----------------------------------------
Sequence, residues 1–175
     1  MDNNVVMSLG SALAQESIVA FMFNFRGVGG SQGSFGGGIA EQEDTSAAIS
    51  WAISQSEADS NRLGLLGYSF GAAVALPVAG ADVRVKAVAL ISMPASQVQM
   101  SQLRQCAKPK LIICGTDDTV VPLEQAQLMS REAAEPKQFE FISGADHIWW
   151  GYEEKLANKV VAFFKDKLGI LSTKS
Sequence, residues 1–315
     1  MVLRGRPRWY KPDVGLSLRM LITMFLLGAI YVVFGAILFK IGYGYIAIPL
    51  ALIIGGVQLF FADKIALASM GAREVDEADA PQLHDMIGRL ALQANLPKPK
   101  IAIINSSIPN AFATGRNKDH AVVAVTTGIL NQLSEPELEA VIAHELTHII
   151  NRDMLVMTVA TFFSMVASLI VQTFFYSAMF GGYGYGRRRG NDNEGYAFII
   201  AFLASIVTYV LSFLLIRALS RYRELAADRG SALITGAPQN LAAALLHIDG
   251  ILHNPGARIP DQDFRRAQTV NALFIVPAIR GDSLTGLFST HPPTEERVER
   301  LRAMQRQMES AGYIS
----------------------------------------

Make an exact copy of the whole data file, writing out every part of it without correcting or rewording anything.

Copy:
Sequence, residues 1–175
     1  MDNNVVMSLG SALAQESIVA FMFNFRGVGG SQGSFGGGIA EQEDTSAAIS
    51  WAISQSEADS NRLGLLGYSF GAAVALPVAG ADVRVKAVAL ISMPASQVQM
   101  SQLRQCAKPK LIICGTDDTV VPLEQAQLMS REAAEPKQFE FISGADHIWW
   151  GYEEKLANKV VAFFKDKLGI LSTKS
Sequence, residues 1–315
     1  MVLRGRPRWY KPDVGLSLRM LITMFLLGAI YVVFGAILFK IGYGYIAIPL
    51  ALIIGGVQLF FADKIALASM GAREVDEADA PQLHDMIGRL ALQANLPKPK
   101  IAIINSSIPN AFATGRNKDH AVVAVTTGIL NQLSEPELEA VIAHELTHII
   151  NRDMLVMTVA TFFSMVASLI VQTFFYSAMF GGYGYGRRRG NDNEGYAFII
   201  AFLASIVTYV LSFLLIRALS RYRELAADRG SALITGAPQN LAAALLHIDG
   251  ILHNPGARIP DQDFRRAQTV NALFIVPAIR GDSLTGLFST HPPTEERVER
   301  LRAMQRQMES AGYIS